Solving The Right Problem

by Keefe Tang

If history tells us anything, it would be that we as humans rarely solves the right problem. Intentionally or not, we tend to go for the short-sighted solutions without addressing or even exploring the root cause of the problem.

This happens all the time, companies thinking their lack of sales is simply because they don’t advertise enough or they don’t offer a certain feature in their product like their competitors do.

The problem is we don’t understand the problem.

Paul Maccready

Solving the Wrong Problem

Electronic cars has gotten a lot of attention in the last few years as an alternative because of the increasing oil prices and the need to curb greenhouse gas emissions. One of the hot discussion topic is that the people and politicians think there is a problem when electronic cars run below 25 km/h it is almost silent which puts children and blind people at risks. The proposed solution? Make electric cars emit artificial sounds.

But the problem isn’t that electric cars are too silent, the problem is that other cars and everything else around us makes too much noise. Instead of proposing that other car manufacturers reduce the amount of noise their car makes, they are proposing electric cars join the party by polluting our world with more noise.

Some might argue that making cars silent does not help the deaf but I would argue that the right solution is to find a way to protect the blind instead of a way that will affect the rest of the people who aren’t deaf.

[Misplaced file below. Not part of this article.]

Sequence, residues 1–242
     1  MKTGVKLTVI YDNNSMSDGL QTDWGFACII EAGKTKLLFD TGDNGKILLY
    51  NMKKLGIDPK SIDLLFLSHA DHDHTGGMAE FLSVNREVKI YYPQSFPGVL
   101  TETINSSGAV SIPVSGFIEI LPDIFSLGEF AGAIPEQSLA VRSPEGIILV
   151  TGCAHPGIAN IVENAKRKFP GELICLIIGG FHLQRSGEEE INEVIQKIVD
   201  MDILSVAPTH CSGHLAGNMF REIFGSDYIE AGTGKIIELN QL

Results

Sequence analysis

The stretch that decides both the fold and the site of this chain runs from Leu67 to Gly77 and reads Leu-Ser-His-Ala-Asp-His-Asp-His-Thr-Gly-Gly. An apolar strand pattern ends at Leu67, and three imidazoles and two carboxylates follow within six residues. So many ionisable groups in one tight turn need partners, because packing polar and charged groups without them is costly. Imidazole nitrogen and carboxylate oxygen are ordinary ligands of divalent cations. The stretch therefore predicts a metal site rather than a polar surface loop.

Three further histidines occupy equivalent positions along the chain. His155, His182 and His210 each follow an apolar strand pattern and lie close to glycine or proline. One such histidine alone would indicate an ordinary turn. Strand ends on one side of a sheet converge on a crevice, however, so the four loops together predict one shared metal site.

Stop looking for solutions to problems and start looking for the right path.

Andy Stanley

Another textbook example is an incident that happened to Make-A-Wish foundation—a non-profit organization that grants wishes to children from 2.5 years to 18 years old who have life-threatening medical conditions—where they arranged for a teenager suffering from a brain tumor to shoot a Kodiac bear in Alaska. The foundation is now on virtually every animal-rights group’s hit list.

Why the foundation granted the kid this ridiculous wish is unknown to me but it’s certain that critical thinking is not in place that lead to solving the wrong problem.

There’s a wise saying that “whoever controls the definition of a problem controls its solution.” or an equally wise observations is “a problem well put is half solved.”.

The Take Away

Management is not an exact science and perhaps never will be. It is more prone to opt for the easy or direct solution which often does not solve the problem and very likely to create more problem. To avoid making these decisions requires constant critical thinking and the need for critical thinking has never been greater and it is an absolute necessity for today’s world.

All of the serious errors of management can be traced to a major fundamental fault which is solving the wrong problem. The overwhelming amount of books on management contributes to this fundamental flaw. They assume that the person reading the book knows what the problems are, they assume that the person reading the book have framed the problem correctly. They should instead start by helping it’s reader define the correct problem.

A good example would be instead of finding a way to build a great product, build a faster way to fail and recover so you can try to solve that problem several times faster than before.